Titles by Kij Johnson are available for purchase online


(This art? visible relic of a secret bunker? is from yesterday’s walk on the KU campus, less than a mile from my house. I saw two people power-walking, and a man trying to tire out his Australian Shepherd with a tennis ball.) 

So, this was the first week teaching from home. I went for walks to strengthen my knee, but only went shopping twice, to the hardware store and the grocery store. Things are going to get worse before they get better, and I have friends in quarantine; but here, now, me in this moment, is (perhaps eerily) calm. Here’s my latest: 

  • I have a new patron! THANK YOU. Thank you all, actually, If it weren’t for you, I wouldn’t be posting about life — and I might not be writing.
  • I have been writing an hour a day, but it is sooooo sloooow. I’ll let you know what I am working on once I feel I am truly in the groove. 
  • I saved a woolybear caterpillar on my walk yesterday. It was hunching slowly across the sidewalk, toward nothing in particular, so I picked it up on a credit card and dropped it into the dirt it was aiming for. I am a woolybear hero, and I am sure they will build temples to me in future generations. 
  • I have been cutting back the Japanese hemlock around my house and deck, which is an invasive species and very aggressive; but it’s hard right now. The hemlocks are the first new leaves; how can I kill the first signs that spring is coming? The woods beyond my second-story deck are now in two clear layers — a fizz of delicate spring green up to about ten feet, and then winter-drab in all the trees taller than that. But if I look carefully, I can see buds everywhere, tiny black polyps against the (currently) gray sky.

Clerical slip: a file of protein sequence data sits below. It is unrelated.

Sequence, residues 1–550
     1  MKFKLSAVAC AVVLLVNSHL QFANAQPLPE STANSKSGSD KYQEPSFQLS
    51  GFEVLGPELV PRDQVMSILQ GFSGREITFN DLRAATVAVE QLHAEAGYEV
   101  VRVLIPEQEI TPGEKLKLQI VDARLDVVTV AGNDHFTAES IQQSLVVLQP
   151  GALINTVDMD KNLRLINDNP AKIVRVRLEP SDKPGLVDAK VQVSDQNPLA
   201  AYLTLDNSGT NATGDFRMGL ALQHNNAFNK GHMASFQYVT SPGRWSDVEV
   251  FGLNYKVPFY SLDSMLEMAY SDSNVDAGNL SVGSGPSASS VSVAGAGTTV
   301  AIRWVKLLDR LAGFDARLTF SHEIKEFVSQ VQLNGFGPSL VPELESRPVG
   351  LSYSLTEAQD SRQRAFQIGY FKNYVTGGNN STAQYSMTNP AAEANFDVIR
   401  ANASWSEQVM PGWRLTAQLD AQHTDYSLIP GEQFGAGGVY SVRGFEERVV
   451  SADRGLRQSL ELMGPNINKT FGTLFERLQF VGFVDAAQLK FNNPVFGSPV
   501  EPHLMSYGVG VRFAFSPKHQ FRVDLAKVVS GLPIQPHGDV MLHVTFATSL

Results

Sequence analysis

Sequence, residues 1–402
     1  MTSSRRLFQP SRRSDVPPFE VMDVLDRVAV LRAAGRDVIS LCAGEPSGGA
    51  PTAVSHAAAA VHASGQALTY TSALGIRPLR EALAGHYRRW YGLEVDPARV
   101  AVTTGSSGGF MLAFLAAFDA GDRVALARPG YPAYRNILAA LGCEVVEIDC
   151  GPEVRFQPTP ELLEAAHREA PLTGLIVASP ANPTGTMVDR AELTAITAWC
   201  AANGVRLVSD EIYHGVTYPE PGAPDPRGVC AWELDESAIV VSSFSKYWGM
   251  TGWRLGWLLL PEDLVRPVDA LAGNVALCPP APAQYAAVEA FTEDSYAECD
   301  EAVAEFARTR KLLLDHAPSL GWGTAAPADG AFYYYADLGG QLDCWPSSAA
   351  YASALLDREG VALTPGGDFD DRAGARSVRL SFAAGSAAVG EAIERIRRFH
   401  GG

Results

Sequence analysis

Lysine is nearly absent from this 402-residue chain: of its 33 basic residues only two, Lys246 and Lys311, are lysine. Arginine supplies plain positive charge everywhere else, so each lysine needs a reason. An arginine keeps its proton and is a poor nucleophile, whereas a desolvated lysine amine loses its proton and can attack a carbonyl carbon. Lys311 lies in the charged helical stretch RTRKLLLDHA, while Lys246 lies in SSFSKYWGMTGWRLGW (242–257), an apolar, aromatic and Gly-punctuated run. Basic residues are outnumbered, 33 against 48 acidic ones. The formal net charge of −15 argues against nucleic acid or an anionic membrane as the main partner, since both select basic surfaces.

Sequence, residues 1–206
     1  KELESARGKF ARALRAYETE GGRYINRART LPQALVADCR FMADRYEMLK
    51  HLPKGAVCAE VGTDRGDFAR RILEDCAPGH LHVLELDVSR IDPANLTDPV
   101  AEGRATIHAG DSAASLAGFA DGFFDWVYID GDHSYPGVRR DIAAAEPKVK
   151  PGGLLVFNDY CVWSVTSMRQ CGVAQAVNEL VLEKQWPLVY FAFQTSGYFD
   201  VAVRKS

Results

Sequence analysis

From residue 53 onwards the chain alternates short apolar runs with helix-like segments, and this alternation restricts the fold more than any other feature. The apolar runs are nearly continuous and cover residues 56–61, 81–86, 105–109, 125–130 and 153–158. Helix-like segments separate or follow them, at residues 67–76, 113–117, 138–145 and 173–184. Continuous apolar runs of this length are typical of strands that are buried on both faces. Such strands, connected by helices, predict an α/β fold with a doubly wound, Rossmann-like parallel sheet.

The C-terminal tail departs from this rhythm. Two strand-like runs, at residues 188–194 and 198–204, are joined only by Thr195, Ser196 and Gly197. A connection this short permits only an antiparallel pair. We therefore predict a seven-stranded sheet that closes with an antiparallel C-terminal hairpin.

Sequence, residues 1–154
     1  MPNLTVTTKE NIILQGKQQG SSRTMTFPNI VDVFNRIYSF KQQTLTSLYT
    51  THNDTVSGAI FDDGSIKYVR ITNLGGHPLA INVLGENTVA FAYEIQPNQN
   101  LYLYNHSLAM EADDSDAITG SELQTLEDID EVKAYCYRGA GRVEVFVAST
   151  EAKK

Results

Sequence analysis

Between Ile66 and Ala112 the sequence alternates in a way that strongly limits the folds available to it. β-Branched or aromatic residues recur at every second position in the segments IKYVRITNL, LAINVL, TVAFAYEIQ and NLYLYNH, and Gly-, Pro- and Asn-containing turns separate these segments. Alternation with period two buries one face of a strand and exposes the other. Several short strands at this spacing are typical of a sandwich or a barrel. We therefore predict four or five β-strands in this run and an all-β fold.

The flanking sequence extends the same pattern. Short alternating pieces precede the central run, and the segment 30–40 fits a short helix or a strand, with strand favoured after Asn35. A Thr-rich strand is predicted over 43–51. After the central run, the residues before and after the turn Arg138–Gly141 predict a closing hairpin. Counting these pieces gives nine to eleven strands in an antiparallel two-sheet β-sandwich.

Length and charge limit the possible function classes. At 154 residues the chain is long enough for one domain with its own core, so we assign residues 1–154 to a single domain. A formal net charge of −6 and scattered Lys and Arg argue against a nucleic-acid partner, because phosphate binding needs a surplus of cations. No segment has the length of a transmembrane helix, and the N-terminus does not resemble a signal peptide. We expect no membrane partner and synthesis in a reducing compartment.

• Because there’s no foliage yet, I can also see the squirrels doing their thing back there. I’ll be typing (this paragraph, for example) and my eye will be caught by a branch moving jerkily, in a way that’s very different from the usual dipping and bowing of the wind. If I watch for a moment, I see a squirrel, usually as gray as the bark, sometimes the bright red of cedars, bounding up and off. 
  • The trees are full of birdsong which is all audible, because there’s no traffic  and no tree frogs. 
  • I can’t concentrate long enough to finish reading a book right now, but I have begun many. The latest is from 1900, A Prince of Swindlers, by Guy Boothby. Why A prince? Are there others? Is there a king, or a regent of swindlers at least? But it’s entertaining and transparently written, and I might actually get through this one. Other books I am picking my way through: Archy and Mehitabel by Don Marquis, the outpourings of a vers libre cockroach; Crotchet Castle from Thomas Love Peacock, a frothy, snarky, Gothic from 1831; and the complete short stories of Fredric Brown.

Stay safe, everyone.